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[Whaling Today] Beauty in Artwork from the Baleen of Whales

Artwork made from the baleen of whales has been an integral part of the culture of whaling communities in Japan and around the world, and some examples are introduced here.



The mouth of an Antarctic minke whale showing its baleen. (Courtesy of Institute of Cetacean Research.)

The Institute of Cetacean Research (ICR) contributes to research on whales and other sea mammals, as well as the sustainable use of marine resources.  As part of its outreach activities, the ICR is often involved in events and special exhibitions connected to whales, and has received a variety of donated artwork and other items since it was founded. In addition, its workers often purchase rare whale-related items while traveling or on business trips.

As a result, the ICR now has a wide-ranging collection of unique whale objects, both modern and antique, from many corners of the globe. In this series of articles, we will gradually introduce items from this collection. 

We begin with Japanese artwork and crafts made from whale baleen.

Baleen, also known as whalebone in the West and kujirahige (whale whiskers or mustache) in Japan, is actually neither of those things. It is, for instance, unrelated to the whiskers that grow around the mouths of animals such as cats and dogs. 

Whales are divided into two closely related groups: 14 species of “baleen whales” and 75 species of “toothed whales.”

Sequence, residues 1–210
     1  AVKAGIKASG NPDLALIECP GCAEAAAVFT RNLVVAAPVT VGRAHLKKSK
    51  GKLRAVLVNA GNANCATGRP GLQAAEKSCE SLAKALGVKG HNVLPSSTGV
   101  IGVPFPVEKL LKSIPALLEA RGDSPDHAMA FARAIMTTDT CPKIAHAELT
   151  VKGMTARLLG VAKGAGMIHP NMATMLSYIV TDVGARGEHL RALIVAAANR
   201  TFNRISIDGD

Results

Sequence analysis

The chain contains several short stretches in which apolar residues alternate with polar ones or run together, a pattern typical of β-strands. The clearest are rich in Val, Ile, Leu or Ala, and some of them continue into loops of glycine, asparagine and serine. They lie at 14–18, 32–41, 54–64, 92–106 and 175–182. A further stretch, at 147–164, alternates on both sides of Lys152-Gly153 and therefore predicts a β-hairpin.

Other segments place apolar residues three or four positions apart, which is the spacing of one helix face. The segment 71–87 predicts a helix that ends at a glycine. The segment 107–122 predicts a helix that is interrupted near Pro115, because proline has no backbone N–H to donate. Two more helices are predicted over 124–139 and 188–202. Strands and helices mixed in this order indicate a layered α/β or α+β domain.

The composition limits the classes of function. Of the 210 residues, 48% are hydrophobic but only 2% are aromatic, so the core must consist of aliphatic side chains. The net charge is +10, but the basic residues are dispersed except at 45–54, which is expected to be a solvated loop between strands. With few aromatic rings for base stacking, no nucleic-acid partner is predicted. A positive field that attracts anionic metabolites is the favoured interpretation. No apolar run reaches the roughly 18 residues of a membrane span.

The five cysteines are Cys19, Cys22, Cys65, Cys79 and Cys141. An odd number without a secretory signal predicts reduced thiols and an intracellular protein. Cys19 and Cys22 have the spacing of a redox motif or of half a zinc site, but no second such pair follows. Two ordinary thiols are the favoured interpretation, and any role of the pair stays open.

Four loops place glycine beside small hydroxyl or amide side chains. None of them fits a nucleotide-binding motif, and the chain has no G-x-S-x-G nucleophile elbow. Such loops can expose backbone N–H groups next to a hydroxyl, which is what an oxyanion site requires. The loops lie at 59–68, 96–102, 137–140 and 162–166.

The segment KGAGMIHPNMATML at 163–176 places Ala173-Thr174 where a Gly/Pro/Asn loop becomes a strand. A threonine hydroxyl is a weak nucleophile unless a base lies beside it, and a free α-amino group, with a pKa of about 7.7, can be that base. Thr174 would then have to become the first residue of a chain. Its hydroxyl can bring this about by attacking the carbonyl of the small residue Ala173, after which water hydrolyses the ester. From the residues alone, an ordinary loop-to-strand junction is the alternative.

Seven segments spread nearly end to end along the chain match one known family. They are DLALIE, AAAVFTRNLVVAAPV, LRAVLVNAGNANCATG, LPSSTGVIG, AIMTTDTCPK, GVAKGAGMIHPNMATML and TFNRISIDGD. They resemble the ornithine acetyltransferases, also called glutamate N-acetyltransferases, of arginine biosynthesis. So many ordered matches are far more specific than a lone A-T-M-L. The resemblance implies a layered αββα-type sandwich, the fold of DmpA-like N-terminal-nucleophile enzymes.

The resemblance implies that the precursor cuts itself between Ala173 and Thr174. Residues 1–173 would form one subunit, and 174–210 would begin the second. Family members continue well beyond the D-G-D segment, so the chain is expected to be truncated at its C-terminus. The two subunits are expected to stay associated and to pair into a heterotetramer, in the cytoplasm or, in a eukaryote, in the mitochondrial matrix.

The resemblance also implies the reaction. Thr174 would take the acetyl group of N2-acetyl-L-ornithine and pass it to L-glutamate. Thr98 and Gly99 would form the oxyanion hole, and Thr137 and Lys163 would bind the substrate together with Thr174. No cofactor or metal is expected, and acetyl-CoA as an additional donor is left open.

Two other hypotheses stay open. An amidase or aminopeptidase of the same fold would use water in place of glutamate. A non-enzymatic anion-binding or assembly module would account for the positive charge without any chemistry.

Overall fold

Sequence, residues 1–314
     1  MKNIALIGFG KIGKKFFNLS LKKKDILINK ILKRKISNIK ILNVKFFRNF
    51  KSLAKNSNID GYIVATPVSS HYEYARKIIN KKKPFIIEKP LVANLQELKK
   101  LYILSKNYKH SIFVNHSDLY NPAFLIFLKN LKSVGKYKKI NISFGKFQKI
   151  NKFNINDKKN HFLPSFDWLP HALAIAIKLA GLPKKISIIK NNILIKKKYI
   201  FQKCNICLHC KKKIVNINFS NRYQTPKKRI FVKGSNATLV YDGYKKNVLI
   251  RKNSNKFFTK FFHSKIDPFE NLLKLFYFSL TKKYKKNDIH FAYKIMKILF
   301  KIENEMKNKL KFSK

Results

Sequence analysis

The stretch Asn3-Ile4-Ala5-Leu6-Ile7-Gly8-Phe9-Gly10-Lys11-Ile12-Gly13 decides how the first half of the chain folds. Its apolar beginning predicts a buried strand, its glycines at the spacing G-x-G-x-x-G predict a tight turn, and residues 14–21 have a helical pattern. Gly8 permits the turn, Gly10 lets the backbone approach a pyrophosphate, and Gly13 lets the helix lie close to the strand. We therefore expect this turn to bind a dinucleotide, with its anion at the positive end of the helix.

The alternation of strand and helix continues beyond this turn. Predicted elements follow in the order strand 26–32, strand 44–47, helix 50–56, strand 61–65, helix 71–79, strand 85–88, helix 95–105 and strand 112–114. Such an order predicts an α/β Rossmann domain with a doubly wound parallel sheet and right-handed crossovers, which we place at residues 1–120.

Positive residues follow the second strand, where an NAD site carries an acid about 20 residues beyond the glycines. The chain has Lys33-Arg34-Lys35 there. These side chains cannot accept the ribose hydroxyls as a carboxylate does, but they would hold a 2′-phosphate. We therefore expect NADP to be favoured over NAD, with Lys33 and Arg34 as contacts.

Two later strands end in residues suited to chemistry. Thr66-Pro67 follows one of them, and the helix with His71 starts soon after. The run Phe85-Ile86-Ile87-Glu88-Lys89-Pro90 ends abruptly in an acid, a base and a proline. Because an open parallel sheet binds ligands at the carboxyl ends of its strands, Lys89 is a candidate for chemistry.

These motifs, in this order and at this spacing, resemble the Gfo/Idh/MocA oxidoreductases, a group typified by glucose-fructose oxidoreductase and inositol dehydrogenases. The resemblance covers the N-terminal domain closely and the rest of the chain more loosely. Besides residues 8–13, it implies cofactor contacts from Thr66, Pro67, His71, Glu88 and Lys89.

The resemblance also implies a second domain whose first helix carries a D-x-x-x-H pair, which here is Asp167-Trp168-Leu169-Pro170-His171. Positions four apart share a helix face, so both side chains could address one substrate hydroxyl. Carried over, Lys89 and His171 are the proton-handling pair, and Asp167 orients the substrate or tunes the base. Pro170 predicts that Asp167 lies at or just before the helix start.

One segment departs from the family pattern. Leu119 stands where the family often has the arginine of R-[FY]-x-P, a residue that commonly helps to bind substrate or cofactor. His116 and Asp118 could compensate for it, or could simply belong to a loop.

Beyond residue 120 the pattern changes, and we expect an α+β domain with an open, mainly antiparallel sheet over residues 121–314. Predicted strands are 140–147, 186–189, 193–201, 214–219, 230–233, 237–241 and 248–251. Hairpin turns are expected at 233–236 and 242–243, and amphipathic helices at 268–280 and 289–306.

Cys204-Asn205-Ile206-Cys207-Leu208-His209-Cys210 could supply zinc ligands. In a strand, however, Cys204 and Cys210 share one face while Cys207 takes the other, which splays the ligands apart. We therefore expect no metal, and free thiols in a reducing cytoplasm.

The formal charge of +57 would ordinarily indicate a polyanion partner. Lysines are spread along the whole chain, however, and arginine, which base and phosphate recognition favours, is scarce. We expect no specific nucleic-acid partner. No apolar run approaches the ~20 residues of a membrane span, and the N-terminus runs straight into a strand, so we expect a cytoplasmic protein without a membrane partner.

In the former group, baleen grows in 200 to 400 narrow, triangular plates attached to the upper jaw, arranged like the prongs of a comb. As for their purpose, the baleen serves as a filter inside of the mouth of a whale, filtering out small fish and krill from ocean water. 

Baleen is composed of keratin, the same material found in our fingernails. Because it is very light, and relatively hard, yet flexible, it has been used for various purposes since antiquity. For example, it was traditionally used for the springs in Japanese mechanical dolls, and is still used in items such as fishing rods.

The sailing ships below are made from baleen. In the single ship shown in a photograph of its own, minke whale baleen is used to give the ships' sails an animated appearance. At the same time, the color of baleen varies among different species of whales, adding character to the artworks in which it is used. The differences are evident in the image of two ships. The material used for the sails in the piece on the left is fin whale baleen, while the body is made of sei whale.


Viewed up close, the natural beauty of the baleen is clear on the sails shown in the closeup image (upper right or center, depending on your viewing platform.)

You can read the rest of this story and learn more about artwork created from baleen at this link. This article was first published by Whaling Today on March 12,, 2022. Check out Whaling Today for deeper and unique insights into Japanese whaling culture, whale conservation efforts and sustainable whaling.


The final piece is a whale model made of baleen from a fin whale. It has a lovely rounded shape.

(Whale model made of fin whale baleen. The open mouth's little "whalebone" is crafted out of baleen bristles! Courtesy of the Institute of Cetacean Research.)

(This article is published in cooperation with the Institute of Cetacean Research. It was first published in Japanese by Kujira-Town. Let us hear your thoughts in our comments section.)

Author: Institute of Cetacean Research

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